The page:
Wednesday, September 15, 2004

This is the best blog ever!!!

Thanks to the over-zealousness of the American advertising industry, words no longer mean anything. If a chewing gum can be referred to as “extreme,” you know that the vocabulary has changed.

Everything has become a superlative. And when everything is amazing – everything becomes exactly the same.

It’s carried over into the rest of the culture as well. Marketing has become such a force of cultural change that it has completely altered our perception of what things mean. “Superstar,” for instance. Can someone actually be called a superstar when 4 out of 5 people have never heard of that person? Talk about a loose definition. Some 19-year old silicon airhead makes one movie or appears on one Fox TV show and suddenly they’re a superstar.

It’s such a modern term, too. In the golden age of Hollywood, Katharine Hepburn and Cary Grant weren’t called “superstars.” “Stars,” yes. But super? No, that came later. Which is ironic, because Katharine Hepburn actually deserved to be called a superstar. Alyssa Milano does not.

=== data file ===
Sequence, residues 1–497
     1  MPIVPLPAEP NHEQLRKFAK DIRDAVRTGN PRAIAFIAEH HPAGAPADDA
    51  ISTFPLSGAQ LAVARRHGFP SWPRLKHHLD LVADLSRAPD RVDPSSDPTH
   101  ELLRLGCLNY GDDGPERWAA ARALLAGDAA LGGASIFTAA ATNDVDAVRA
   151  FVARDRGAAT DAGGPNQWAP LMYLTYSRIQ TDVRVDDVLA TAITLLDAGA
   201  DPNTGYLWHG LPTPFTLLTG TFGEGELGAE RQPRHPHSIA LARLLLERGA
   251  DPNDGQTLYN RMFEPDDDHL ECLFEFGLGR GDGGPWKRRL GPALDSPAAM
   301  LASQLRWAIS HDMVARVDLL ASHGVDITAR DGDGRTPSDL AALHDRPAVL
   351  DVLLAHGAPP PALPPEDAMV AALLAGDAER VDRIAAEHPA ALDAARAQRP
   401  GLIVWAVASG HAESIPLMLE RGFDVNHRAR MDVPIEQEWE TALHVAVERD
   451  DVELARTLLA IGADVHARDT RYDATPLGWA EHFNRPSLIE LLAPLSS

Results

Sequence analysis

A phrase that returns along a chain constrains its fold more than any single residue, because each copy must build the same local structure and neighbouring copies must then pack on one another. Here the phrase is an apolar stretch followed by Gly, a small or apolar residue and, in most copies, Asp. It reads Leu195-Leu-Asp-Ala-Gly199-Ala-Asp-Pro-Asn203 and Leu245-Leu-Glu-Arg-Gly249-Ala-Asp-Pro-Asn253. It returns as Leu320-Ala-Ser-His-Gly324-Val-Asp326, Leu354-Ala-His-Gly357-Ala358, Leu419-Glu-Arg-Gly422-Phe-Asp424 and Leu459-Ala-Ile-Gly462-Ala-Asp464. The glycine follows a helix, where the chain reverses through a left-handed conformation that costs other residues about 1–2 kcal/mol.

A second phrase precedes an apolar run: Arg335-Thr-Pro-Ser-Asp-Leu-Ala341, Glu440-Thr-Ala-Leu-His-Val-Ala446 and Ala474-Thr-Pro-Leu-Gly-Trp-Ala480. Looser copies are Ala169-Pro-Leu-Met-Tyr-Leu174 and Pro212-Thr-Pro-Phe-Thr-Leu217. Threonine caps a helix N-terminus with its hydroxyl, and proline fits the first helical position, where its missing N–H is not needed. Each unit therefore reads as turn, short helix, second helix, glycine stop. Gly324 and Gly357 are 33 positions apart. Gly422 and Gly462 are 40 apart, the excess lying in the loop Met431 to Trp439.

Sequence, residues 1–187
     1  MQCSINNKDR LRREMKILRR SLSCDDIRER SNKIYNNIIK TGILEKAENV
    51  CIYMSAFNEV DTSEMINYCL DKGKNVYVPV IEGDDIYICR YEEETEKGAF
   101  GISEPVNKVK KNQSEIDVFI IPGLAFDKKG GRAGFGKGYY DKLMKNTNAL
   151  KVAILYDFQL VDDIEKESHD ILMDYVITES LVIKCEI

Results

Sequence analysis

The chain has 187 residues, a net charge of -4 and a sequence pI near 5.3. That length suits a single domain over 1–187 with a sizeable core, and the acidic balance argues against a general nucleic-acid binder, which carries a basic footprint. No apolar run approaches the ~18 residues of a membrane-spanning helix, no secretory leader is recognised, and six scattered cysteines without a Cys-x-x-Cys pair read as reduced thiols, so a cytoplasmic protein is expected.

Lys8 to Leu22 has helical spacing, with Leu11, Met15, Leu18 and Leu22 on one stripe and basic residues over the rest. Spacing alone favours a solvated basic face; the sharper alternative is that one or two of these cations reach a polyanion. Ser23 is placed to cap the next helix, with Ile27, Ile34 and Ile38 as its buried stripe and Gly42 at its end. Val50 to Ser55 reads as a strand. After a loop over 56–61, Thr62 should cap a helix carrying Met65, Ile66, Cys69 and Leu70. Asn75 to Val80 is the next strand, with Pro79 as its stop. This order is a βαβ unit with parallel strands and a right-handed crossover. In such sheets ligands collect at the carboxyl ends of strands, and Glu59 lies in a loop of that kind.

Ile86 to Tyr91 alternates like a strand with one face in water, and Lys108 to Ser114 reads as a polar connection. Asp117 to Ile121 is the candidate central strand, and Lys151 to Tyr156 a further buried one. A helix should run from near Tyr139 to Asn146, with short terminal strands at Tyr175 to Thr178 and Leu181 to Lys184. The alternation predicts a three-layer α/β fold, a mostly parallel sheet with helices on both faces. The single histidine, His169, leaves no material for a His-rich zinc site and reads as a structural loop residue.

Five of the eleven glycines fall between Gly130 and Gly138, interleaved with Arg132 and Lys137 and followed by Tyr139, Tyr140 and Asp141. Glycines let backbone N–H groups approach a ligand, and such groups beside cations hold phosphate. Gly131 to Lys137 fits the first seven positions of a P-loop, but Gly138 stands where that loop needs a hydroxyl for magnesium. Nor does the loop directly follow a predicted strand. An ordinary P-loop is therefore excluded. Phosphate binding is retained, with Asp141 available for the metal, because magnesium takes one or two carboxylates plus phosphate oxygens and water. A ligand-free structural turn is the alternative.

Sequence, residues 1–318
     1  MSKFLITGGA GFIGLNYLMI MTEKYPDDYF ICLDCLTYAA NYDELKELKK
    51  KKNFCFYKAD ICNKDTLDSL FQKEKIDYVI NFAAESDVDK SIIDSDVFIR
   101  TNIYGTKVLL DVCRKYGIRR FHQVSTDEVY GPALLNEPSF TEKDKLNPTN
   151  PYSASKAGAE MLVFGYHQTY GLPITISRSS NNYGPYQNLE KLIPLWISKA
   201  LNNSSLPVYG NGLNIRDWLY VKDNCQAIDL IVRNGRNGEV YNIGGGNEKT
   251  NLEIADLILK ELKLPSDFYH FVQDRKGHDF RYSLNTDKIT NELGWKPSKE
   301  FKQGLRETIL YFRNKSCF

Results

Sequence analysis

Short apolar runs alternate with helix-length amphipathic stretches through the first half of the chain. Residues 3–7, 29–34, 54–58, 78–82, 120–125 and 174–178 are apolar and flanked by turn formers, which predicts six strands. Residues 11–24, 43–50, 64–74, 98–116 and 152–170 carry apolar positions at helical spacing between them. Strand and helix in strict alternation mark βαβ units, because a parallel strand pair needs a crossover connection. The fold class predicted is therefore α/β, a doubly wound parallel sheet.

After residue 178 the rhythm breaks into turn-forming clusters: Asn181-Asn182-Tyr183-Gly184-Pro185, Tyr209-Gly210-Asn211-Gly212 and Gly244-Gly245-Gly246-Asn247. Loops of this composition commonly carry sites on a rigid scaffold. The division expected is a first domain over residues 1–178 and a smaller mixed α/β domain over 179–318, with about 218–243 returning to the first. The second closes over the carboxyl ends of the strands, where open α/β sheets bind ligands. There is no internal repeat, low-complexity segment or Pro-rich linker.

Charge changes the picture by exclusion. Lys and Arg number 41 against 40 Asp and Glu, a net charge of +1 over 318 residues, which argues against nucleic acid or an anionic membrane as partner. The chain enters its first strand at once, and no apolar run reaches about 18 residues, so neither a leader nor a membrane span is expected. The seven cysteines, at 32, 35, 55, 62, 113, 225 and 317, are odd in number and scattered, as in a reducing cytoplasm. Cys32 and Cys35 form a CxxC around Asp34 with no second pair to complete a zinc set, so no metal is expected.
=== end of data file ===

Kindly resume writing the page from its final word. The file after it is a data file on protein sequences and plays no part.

When exactly did everything become overdone? When did words like “ultimate,” and “amazing,” become so commonplace as to be rendered meaningless? The other day at the grocery store I heard a child refer to a breakfast cereal as “supreme.” Supreme? It’s processed corn with sugar and food coloring and it’s worthy of being called “supreme?”

It used to be that modesty, both personal and commercial, was a virtue. When someone complimented you on a job well done you were expected to smile deprecatingly and make some comment about how much help you’d received from the other guys. Today people don’t wait to be complimented, they point out their own accomplishments and demand all the glory.

A while back I came across some issues of Time Magazine from the 1930’s and in looking at the advertisements I was struck at how humble they were. Products were described as “good-tasting,” and “durable,” not “the best,” and the dreaded “extreme.”

Which just goes to prove, once again, that I was born in the wrong century.

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